St Mary's, Bromley (Exterior)

St Mary's Plaistow, Bromley, Kent, England


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Mystery Worshipper:
Church: St Mary's Plaistow
Location: Bromley, Kent, England
Date of visit: Sunday, 2 July 2017, 10:30am

The building

Described as "one of the ugliest unfinished churches near London" by the Evening Standard when it was rather new in 1875, this church is unusual in its design. It was actually built with the intention of being enlarged – so from the outside it's a mish-mash of sections. The first part to be built was the nave (1863); then the chancel, organ chamber and vestries were added (starting 1879); followed in 1891 by the south transept and the narthex (a random porch area on the end of the south transept) – which was originally intended to be the main entrance to the church, and now houses the toilet. Then in 1892 there came the fleche (little spire on the roof) and an enlarged roof, which helped ventilation.
But it doesn't end there! In 1898, a north transept, north porch and enlarged vestries were started. After that, most of the works were decorational. The church has some gobsmackingly stunning painted murals around the chancel, beautiful story-telling stained-glass windows, and some exquisite woodwork, including the reredos, altar, and organ case. But the church was re-ordered in 1913, with a chancel screen and gates being fitted; and again in 1963, when the south transept pews were removed, creating a chapel that is now used as the children's area; and in 1985 when the nave altar was installed. Finally, the main entrance porch was built in 1997. This porch is slate rooved and glass sided and so creates an inviting weatherproof entrance. The floor of the whole church is level, with the nave altar being accessible all around.

The church

They hold two services every Sunday: a 10.30am family communion (except once a month, currently the second Sunday, when there is an all-age service where the young people lead the worship) and a 6.30pm choral evensong (this is holy communion when the morning service isn't). There is a robed choir, who sing every week both morning and evening (except for the all-age service). There are Sunday Clubs for all ages of children, all with imaginative names. As well as Sunday services, there is a monthly Messy Church session, a baby and toddler group (called BATS) on a Thursday, and a full complement of Guiding and Scouting groups. There is even a leaflet produced by the church to detail all these children's provisions to new families. It's not just the children who are catered to – there is an active Mothers' Union; a team for the magazine; other church groups; concerts; involvement with Churches Together in Bromley; and there are lots of other community projects happening that the church joins in with. They are currently working on opening during the week for visitors, and are improving the functionality of the rear of the church building to accommodate this.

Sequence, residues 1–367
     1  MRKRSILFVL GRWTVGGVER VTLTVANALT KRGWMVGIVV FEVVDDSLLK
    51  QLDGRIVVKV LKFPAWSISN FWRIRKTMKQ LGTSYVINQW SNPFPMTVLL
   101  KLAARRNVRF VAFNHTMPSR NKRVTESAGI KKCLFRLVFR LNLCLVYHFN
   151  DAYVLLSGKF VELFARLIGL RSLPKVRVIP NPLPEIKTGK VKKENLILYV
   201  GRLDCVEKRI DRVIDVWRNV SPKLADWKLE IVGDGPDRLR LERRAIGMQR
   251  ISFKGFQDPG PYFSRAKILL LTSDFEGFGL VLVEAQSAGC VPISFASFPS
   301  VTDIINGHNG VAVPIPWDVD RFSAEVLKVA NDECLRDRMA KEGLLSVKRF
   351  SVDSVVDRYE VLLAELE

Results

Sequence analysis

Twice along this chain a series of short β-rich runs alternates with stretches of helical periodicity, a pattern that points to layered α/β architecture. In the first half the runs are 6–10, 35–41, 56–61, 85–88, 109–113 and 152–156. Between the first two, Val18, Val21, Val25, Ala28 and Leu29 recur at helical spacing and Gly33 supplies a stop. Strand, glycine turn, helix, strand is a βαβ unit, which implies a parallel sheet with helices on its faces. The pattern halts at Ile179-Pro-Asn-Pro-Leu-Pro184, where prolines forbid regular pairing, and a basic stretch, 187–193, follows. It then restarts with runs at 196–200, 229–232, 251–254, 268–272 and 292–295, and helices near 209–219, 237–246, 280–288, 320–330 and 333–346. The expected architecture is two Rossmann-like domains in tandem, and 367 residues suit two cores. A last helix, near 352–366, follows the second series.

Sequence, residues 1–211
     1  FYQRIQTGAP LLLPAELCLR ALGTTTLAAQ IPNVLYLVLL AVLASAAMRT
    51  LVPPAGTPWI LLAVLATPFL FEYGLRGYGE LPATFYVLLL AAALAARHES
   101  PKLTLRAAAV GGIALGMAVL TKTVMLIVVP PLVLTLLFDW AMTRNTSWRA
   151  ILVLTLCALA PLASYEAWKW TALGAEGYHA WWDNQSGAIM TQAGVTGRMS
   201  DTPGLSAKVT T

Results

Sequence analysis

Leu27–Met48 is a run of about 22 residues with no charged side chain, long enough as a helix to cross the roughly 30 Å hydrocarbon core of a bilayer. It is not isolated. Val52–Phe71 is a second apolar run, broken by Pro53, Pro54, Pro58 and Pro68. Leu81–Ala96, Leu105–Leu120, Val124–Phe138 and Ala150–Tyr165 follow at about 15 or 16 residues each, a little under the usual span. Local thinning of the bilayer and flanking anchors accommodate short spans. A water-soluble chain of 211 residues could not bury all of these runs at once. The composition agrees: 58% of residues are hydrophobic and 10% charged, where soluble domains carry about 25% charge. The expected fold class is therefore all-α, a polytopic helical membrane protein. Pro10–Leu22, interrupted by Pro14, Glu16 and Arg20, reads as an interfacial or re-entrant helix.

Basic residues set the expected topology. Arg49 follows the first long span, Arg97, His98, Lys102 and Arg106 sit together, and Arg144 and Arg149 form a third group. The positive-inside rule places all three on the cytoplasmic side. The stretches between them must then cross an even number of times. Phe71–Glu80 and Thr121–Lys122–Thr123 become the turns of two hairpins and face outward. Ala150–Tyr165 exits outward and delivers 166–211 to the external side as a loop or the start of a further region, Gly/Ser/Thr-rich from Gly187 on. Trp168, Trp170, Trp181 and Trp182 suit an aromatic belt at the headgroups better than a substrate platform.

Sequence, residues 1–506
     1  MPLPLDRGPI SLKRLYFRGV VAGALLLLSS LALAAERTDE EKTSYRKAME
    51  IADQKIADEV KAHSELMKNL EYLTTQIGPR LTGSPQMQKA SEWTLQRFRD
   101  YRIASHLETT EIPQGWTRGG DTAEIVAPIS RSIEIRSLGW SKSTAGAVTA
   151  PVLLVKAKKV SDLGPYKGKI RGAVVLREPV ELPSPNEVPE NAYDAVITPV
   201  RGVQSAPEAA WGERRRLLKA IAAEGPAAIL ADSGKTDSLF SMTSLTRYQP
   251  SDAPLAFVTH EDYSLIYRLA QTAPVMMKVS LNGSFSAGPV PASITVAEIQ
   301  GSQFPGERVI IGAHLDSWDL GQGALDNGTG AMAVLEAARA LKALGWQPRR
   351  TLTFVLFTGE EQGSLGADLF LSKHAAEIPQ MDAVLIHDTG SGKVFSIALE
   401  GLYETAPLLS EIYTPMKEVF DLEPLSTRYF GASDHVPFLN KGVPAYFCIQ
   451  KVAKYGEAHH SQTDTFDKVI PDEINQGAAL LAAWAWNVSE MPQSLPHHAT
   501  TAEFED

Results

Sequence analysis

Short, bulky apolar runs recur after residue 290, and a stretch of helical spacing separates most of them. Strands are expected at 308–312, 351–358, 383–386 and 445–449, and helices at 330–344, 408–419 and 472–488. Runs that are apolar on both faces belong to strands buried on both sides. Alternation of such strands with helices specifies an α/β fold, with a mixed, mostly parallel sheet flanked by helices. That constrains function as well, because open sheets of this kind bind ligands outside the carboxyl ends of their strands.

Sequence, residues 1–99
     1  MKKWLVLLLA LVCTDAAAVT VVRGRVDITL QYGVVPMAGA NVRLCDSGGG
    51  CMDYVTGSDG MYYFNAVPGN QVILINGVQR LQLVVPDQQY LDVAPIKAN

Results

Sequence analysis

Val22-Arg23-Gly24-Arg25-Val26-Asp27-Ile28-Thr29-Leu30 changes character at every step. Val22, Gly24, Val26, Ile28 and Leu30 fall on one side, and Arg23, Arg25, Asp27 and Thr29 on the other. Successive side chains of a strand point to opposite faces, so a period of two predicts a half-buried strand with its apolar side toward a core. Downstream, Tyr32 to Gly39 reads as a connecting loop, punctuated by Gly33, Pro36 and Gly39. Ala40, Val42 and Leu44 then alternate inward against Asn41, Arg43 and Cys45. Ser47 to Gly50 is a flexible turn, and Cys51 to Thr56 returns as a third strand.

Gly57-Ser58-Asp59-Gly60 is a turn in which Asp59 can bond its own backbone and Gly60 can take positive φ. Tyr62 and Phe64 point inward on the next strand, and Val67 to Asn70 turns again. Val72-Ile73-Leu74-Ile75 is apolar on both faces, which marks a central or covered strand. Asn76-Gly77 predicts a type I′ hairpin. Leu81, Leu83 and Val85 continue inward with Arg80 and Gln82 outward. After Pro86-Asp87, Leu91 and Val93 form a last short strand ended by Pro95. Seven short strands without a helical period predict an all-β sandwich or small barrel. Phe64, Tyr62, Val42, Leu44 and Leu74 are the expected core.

The neighborhood

Bromley is a suburb of London, straight up the A2 in Kent. It's technically Kent, but it is a London borough. That means that it's an urban sprawl of houses and road systems (with some dreadful junctions and traffic light systems). There's a definite sense that it would be very easy to get lost in this area. Plaistow itself seems to be a "local name" rather than an official area, with the church being close to Plaistow Green, right in the middle. There's no obvious centre to this suburb, as it seems to have grown by itself, but there are scatterings of groups of shops, schools, and all the usual provisions. Parking is mainly on-street, but it's not restricted on a Sunday.

The cast

The service was conducted by the vicar, the Revd Alan Keeler, and the curate, the Revd Ruth Peet. Today's organist was Robin Field.

What was the name of the service?

Family Communion.

How full was the building?

The building seemed very empty indeed – it should seat over 500 according to the guide book, but there were about 40 in the congregation, plus the choir, servers, priests and Sunday school.

Did anyone welcome you personally?

The sidespeople and vicar, separately, welcomed us in the porch. The sidespeople then gave us service information, but they had to fight to get past the vicar to reach us! Immediately the Child was spotted, we were invited to take part in the Sunday Club, introduced to the leaders, and taken over to the hall. I was allowed/encouraged to stay with Child until she was settled. The Sunday Club meets 10 minutes before the service starts, which is great for newcomers, as we can settle our children and still not miss the start. During the peace, almost everyone in church greeted us with vigorous handshakes and warm peace wishes.

Was your pew comfortable?

Lovely long Victorian pews, where we sat perfectly cradled by the well-worn wood. No cushions, but really, we didn't need them.

How would you describe the pre-service atmosphere?

It seemed very quiet when we first got into the church building. In such a large building, the sound didn't seem to carry at all, although the sound system proved to be excellent. So I suppose I will conclude it was quiet and unhurried. Certainly we didn't notice other people arrive. There was no rush to get seated, no rush or hubbub to start, and there was plenty of time for the organist to play a bit of Faure's Requiem before the service began.

What were the exact opening words of the service?

"The Lord be with you. Good morning and welcome to St Mary Plaistow for our family communion."

What books did the congregation use during the service?